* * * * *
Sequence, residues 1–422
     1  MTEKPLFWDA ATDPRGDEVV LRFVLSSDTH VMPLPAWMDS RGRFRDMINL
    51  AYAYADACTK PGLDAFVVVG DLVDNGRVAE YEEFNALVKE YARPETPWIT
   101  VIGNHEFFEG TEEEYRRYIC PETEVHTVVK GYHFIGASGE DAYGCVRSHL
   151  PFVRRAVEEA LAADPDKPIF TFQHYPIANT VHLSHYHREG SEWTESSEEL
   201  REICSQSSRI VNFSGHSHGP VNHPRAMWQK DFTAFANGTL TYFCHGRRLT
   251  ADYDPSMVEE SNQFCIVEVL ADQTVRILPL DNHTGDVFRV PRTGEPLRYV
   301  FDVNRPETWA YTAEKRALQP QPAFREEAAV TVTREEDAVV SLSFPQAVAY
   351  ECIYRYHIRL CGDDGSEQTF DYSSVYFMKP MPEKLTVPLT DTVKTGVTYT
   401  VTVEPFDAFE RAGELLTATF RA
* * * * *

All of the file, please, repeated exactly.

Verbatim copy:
Sequence, residues 1–422
     1  MTEKPLFWDA ATDPRGDEVV LRFVLSSDTH VMPLPAWMDS RGRFRDMINL
    51  AYAYADACTK PGLDAFVVVG DLVDNGRVAE YEEFNALVKE YARPETPWIT
   101  VIGNHEFFEG TEEEYRRYIC PETEVHTVVK GYHFIGASGE DAYGCVRSHL
   151  PFVRRAVEEA LAADPDKPIF TFQHYPIANT VHLSHYHREG SEWTESSEEL
   201  REICSQSSRI VNFSGHSHGP VNHPRAMWQK DFTAFANGTL TYFCHGRRLT
   251  ADYDPSMVEE SNQFCIVEVL ADQTVRILPL DNHTGDVFRV PRTGEPLRYV
   301  FDVNRPETWA YTAEKRALQP QPAFREEAAV TVTREEDAVV SLSFPQAVAY
   351  ECIYRYHIRL CGDDGSEQTF DYSSVYFMKP MPEKLTVPLT DTVKTGVTYT
   401  VTVEPFDAFE RAGELLTATF RA